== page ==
Cape Flattery

Cape Flattery is the most northwest tip of the contiguous United States. Located on the Makah Nation at Neah Bay, the Cape offers stunning views of marine mammals, birds, and dramatic marine landscapes. A 3.5 mile trail winds from a parking lot to the tip of the Cape, overlooking the Pacific Ocean, the entrance of the Strait of Juan de Fuca, and Tatoosh Island.
  • To access the Cape Flattery Trail, follow the signs at the entrance to the Reservation. Be sure to buy a permit at the Makah Museum and Cultural Center.

Where the Whales Are

Cape Flattery offers a spectacular vantage to see marine mammals. From the lookout platform at the end of the trail, look down in any direction - you may see gray whales swimming below, or sea otters in the kelp beds. Further out, look for orcas or other whales passing near Tatoosh Island. Other places where you can see marine mammals at Neah Bay:

  • Makah Marina. Sea lions are often hauled out at docks in the Marina. Transient orcas have come into the marina in recent years, hunting the sea lions.

Sea-sound Node

The Makah Tribe participates in the sea-sound network, which is a series of hyrdophones placed at strategic locations around the Sound. By listening to orca calls on the hydrophones, listeners can detect which pods are present and where they are. These acoustic data are complementing photo-ID and other studies, and are especially valuable in the winter when visibility is poor. The hydrophone at Neah Bay is located near the Makah Museum and Cultural Center. Listen to it and other locations around the Sound at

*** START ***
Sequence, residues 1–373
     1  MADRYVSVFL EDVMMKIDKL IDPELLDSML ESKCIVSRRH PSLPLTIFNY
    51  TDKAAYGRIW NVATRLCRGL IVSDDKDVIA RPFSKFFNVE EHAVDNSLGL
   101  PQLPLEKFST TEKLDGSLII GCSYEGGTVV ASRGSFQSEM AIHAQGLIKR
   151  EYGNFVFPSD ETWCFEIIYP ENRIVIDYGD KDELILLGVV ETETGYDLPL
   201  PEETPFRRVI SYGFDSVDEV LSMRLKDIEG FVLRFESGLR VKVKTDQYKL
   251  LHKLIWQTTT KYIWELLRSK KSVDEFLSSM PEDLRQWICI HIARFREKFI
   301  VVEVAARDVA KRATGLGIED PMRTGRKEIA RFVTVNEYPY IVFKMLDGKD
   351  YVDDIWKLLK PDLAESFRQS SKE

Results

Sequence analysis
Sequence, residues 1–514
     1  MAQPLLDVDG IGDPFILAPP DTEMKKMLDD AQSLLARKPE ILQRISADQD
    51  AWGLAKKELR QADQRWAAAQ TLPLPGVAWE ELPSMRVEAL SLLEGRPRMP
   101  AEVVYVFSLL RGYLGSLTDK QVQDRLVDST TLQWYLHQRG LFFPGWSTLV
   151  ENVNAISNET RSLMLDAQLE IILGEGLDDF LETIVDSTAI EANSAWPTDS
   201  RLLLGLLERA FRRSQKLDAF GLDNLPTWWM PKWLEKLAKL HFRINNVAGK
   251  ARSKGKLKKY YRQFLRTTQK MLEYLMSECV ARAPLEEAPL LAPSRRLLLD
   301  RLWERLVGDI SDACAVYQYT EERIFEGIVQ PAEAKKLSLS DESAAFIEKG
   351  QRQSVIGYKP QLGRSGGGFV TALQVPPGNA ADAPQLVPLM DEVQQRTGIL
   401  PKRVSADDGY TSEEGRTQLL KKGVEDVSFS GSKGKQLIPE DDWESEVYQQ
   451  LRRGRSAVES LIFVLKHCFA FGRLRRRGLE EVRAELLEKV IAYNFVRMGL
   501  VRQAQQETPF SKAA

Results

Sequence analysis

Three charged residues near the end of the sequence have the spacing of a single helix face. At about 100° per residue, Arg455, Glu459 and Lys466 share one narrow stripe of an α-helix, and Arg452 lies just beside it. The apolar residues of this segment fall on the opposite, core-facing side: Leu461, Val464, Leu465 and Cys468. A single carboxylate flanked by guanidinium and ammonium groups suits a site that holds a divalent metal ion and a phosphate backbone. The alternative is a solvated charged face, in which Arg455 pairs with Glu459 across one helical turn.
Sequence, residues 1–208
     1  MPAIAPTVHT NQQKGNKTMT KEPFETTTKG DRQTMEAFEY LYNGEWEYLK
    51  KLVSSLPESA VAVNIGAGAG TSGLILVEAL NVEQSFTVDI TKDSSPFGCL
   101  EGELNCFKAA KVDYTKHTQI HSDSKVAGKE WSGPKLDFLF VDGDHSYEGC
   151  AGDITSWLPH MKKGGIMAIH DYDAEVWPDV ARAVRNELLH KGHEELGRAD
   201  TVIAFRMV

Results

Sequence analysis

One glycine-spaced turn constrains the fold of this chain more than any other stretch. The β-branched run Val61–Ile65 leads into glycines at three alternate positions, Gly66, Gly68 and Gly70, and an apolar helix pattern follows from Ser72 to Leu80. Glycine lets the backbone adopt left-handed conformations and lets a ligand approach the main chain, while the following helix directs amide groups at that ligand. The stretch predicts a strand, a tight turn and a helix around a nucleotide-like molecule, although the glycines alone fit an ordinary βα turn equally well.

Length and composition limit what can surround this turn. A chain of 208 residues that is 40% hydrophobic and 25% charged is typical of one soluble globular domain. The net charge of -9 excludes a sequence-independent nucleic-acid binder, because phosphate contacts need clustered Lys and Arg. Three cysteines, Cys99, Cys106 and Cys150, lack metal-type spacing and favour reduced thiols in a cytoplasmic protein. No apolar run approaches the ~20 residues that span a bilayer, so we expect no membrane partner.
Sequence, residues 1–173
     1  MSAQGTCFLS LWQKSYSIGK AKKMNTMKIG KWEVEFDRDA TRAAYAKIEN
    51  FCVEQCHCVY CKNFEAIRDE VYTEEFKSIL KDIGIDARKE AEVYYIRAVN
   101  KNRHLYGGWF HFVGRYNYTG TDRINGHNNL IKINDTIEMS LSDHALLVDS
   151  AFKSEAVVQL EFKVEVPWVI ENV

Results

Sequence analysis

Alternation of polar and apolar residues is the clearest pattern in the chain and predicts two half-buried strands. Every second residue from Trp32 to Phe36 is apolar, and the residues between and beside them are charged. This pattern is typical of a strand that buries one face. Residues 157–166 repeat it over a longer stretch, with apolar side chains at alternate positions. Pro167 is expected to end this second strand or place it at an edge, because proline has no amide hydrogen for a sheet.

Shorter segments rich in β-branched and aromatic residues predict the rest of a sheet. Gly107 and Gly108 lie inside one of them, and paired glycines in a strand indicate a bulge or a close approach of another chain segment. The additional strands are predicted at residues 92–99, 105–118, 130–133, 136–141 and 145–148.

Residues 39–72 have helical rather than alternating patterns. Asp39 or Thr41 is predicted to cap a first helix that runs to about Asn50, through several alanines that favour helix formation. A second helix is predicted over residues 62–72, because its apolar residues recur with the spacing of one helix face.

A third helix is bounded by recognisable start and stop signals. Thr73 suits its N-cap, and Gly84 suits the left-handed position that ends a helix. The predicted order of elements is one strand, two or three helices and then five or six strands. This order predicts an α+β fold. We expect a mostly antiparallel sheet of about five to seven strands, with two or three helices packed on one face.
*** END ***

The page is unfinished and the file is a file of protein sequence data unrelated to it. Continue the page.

Research and Interpretation

The Makah Tribe has a full-time marine biologist on staff, who conducts regular surveys of the marine mammals in the area. During the summer, members of the tribe serve as natural history guides on the Cape Flattery trail, educating visitors about marine mammals and Makah culture.

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  1. Penny Thayer : 09 October 2013 6:47PM

    Saw one large grey whale below the viewing platform at
    Cape flattery near noon today. And there three grey whales out near Tatoosh Is., probably one was the who was eating around the point. The large one was close enough to take pictures is it’s blow hole. Quite exciting sight!

    • donna : 10 October 2013 1:46AM

      That sounds amazing, Penny! Thanks so much for letting us know. Do you have any pictures you’d like to share? Would love to post them on the Cape Flattery page!

  2. Greg : 14 April 2013 9:49AM

    The trail is less than a mile, not 3.5 miles.

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The Whale Trail

Address / Contact

Makah Nation

Neah Bay, Washington

The Makah Nation

Whale Trail Features

The Whale Trail site is at Cape Flattery


  • camping
  • restrooms
  • lodging
  • trails
  • picnic-area

Marine Mammals Commonly Seen Here

Marine Mammals Occasionally Seen Here

Marine Mammals Rarely Seen Here

Travel Tips

Be sure to get a permit to hike the Cape Flattery Trail.
The Whale Trail is a nonprofit organization in partnership with
Partners NOAA Seattle Aquarium People for Puget Sound Washington Department of Fish and Wildlife The Whale Museum National Marine Sanctuaries